16, 2016, finding that petitioner “failed to set forth
any reason for his failure to raise these issues on
appeal.” (Emphasis Original). The Court further found
that petitioner had not shown “actual prejudice”
pursuant to M.C.R. 6.508(D)(3)(b)(I), further found
petitioner not entitled to relief citing M.C.R. 6.508(D)(3),
and then denied his motion pursuant to M.C.R. 6.504(8)(2).
People v. Dickens, No. 2012-241989-FC (Oakland Cty.
Cir. Ct. Feb. 16, 2016).
seeks a writ of habeas corpus on the following grounds:
I. Confrontation Clause violation.
II. Failure to disclose exculpatory evidence.
III. Authentication of evidence.
IV. Ineffective assistance of trial counsel.
V. The filing of a habitual-offender notice.
VI. The mandatory guidelines/judge-found facts claim.
VII. Prosecutorial Misconduct.
STANDARD OF REVIEW
U.S.C. § 2254(d), as amended by The Antiterrorism and
Effective Death Penalty Act of 1996 (AEDPA), imposes the
following standard of review for habeas cases:
An application for a writ of habeas corpus on behalf of a
person in custody pursuant to the judgment of a State court
shall not be granted with respect to any claim that was
adjudicated on the merits in State court proceedings unless
the adjudication of the claim-
(1) resulted in a decision that was contrary to, or involved
an unreasonable application of, clearly established Federal
law, as determined by the Supreme Court of the United States;
(2) resulted in a decision that was based on an unreasonable
determination of the facts in light of the evidence presented
in the State court proceeding.
decision of a state court is “contrary to”
clearly established federal law if the state court arrives at
a conclusion opposite to that reached by the Supreme Court on
a question of law or if the state court decides a case
differently than the Supreme Court has on a set of materially
indistinguishable facts. Williams v. Taylor, 529
U.S. 362, 405-06 (2000). An “unreasonable
application” occurs when “a state court decision
unreasonably applies the law of [the Supreme Court] to the
facts of a prisoner's case.” Id. at 409. A
federal habeas court may not “issue the writ simply
because that court concludes in its independent judgment that
the relevant state-court decision applied clearly established
federal law erroneously or incorrectly.” Id.
state court's determination that a claim lacks merit
precludes federal habeas relief so long as ‘fairminded
jurists could disagree' on the correctness of the state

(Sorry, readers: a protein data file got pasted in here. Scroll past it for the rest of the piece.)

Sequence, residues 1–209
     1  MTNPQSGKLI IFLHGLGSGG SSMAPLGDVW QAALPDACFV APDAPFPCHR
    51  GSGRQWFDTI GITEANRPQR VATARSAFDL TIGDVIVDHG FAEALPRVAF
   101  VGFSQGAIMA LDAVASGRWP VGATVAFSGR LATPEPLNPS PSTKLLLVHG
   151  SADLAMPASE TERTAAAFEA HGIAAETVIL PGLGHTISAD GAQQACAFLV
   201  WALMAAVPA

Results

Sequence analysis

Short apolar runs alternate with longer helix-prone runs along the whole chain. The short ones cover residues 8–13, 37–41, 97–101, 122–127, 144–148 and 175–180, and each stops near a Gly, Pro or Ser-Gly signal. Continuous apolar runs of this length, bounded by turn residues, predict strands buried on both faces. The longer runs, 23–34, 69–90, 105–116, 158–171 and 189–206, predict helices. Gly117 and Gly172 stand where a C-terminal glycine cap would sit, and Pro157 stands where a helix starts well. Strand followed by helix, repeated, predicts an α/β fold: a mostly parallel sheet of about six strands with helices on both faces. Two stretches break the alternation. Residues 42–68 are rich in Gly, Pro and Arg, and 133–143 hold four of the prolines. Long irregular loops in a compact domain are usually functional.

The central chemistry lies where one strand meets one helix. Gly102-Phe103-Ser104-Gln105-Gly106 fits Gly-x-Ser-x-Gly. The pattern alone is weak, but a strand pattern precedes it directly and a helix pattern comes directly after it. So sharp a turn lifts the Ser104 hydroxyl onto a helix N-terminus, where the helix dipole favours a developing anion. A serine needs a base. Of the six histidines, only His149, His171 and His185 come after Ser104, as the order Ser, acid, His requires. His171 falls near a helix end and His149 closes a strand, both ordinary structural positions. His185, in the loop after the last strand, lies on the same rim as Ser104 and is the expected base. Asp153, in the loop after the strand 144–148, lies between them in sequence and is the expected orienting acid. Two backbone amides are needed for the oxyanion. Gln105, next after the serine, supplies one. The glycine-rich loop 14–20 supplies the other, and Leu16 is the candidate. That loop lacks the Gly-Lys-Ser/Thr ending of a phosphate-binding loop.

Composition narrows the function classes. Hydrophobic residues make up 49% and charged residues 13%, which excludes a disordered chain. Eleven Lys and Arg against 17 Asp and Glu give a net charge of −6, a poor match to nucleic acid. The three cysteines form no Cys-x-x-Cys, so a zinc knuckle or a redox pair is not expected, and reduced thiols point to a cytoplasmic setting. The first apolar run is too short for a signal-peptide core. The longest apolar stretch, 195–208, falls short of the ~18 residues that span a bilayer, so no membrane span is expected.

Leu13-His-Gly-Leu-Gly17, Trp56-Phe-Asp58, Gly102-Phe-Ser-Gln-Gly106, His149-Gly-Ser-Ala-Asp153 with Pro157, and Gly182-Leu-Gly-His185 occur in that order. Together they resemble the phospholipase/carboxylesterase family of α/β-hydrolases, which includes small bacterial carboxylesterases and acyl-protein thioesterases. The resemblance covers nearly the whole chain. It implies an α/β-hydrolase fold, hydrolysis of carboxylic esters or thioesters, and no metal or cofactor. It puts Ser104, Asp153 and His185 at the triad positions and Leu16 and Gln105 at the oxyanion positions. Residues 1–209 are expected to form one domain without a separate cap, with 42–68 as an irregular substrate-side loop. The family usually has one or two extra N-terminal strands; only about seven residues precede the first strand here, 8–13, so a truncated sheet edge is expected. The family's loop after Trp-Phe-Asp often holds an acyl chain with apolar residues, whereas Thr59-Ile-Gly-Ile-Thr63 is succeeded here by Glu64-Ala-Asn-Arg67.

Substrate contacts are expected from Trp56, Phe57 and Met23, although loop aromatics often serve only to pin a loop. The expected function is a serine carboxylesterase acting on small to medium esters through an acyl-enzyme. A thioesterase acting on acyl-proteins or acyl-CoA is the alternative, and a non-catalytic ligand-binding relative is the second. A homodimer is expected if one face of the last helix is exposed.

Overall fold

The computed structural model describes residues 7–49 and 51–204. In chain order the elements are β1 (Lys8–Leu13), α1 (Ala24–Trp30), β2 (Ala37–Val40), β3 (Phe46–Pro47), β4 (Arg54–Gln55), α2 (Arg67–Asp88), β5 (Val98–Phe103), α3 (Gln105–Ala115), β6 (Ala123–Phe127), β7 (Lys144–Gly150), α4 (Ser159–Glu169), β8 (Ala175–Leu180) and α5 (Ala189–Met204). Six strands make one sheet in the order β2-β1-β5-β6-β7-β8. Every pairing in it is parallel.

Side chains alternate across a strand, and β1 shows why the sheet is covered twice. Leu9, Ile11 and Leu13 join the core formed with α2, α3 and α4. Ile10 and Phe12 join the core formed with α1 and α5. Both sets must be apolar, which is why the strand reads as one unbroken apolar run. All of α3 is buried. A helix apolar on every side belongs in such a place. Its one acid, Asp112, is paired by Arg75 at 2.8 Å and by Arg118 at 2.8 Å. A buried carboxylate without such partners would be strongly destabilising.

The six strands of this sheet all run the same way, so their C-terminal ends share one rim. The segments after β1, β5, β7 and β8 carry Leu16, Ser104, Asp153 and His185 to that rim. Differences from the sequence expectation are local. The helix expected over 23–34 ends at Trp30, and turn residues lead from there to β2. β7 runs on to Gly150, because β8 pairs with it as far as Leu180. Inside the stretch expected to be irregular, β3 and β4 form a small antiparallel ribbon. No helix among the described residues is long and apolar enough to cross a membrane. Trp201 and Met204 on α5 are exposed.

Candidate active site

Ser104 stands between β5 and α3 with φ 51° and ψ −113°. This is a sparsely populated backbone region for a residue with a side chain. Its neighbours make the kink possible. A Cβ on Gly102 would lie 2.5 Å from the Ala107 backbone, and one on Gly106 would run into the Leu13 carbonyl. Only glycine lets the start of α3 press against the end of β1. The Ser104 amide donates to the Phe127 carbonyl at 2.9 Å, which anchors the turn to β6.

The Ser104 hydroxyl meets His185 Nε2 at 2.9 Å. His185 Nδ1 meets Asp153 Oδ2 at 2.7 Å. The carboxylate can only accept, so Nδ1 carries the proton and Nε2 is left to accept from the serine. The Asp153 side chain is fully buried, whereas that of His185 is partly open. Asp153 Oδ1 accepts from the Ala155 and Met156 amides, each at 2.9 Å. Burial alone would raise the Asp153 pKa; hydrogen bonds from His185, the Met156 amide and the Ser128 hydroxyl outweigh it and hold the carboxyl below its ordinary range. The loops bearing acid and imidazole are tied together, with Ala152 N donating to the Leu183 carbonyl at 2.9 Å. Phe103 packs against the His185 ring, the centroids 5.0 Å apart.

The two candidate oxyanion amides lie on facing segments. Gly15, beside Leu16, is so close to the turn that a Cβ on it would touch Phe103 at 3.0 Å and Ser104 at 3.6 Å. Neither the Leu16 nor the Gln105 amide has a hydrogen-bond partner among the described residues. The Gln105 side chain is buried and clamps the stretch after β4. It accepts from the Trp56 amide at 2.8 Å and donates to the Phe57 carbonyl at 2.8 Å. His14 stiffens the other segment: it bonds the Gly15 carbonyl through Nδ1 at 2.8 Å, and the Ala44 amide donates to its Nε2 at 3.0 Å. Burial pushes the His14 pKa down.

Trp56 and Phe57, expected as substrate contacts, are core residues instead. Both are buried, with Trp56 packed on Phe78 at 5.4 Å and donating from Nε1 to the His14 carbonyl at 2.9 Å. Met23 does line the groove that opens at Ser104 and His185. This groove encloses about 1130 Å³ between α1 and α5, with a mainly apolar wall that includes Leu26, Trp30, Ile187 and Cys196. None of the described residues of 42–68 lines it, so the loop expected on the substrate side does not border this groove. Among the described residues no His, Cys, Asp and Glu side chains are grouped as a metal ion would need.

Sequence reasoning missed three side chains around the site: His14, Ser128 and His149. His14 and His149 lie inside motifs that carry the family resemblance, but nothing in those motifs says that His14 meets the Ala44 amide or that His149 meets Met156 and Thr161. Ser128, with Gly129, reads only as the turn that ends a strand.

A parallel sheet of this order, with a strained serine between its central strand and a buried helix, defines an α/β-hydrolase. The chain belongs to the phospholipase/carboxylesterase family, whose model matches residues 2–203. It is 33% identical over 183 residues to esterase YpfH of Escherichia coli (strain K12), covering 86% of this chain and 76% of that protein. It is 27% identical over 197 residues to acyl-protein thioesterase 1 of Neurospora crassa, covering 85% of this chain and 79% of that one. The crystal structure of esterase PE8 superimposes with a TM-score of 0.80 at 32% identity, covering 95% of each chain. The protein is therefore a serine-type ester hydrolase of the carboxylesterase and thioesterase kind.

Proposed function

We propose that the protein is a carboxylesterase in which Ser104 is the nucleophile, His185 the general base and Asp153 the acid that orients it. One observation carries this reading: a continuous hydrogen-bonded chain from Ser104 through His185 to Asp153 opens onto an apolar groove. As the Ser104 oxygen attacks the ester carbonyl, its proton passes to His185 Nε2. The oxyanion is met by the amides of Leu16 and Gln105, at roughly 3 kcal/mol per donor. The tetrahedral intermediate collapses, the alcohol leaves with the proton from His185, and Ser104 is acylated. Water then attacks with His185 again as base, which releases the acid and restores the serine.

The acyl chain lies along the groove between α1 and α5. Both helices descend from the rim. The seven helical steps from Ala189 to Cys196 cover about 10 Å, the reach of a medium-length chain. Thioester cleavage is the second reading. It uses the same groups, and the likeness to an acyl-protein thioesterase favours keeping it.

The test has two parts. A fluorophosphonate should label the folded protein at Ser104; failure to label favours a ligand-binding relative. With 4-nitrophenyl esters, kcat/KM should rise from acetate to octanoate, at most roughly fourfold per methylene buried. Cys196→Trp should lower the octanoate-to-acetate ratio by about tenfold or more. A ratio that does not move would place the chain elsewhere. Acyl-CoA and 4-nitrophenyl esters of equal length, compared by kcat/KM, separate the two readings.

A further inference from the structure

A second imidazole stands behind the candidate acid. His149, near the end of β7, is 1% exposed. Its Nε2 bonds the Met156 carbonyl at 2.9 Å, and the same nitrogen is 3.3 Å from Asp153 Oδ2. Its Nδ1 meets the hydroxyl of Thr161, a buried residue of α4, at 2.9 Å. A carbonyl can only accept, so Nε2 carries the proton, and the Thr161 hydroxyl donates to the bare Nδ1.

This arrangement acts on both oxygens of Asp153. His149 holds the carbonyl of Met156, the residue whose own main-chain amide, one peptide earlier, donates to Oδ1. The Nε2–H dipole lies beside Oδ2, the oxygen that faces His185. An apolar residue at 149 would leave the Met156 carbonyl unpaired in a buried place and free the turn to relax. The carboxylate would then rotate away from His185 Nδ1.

court's decision.” Harrington v. Richter,
562 U.S. 86, 101 (2011)(citing Yarborough v.
Alvarado, 541 U.S. 652, 664 (2004)). Therefore, in order
to obtain habeas relief in federal court, a state prisoner is
required to show that the state court's rejection of his
claim “was so lacking in justification that there was
an error well understood and comprehended in existing law
beyond any possibility for fairminded disagreement.”
Harrington, 562 U.S. at 103. A habeas petitioner
should be denied relief as long as it is within the
“realm of possibility” that fairminded jurists
could find the state court decision to be reasonable. See
Woods v. Etherton, 136 S.Ct. 1149, 1152 (2016).
Claim # 1. The Confrontation Clause.
alleges that his right to confrontation was violated by 1)
the trial court's admission of the victim's
preliminary examination testimony and 2) the prosecutor's
failure to show the exercise of due diligence in making the
victim available for trial.
Michigan Court of Appeals rejected the claim:
In the present case, defendant contends that the prosecutor
failed to make a due diligence showing regarding
unavailability. Here, the prosecutor advised the trial court
that the victim was hospitalized for a period of days before
trial after being taken to the hospital by ambulance.
Although at the time of trial the victim had returned home,
the prosecutor stated to the court that the victim remained
in ill health and that his health would be compromised if he
were to leave his home to testify in court. The trial court
recognized that the prosecutor is an officer of the court and
that it had no reason to disbelieve him. Defense counsel
cross-examined the victim at the preliminary examination and
conceded that the preliminary examination testimony was
admissible if he was unavailable. Moreover, the victim's
son testified at trial regarding his father's ...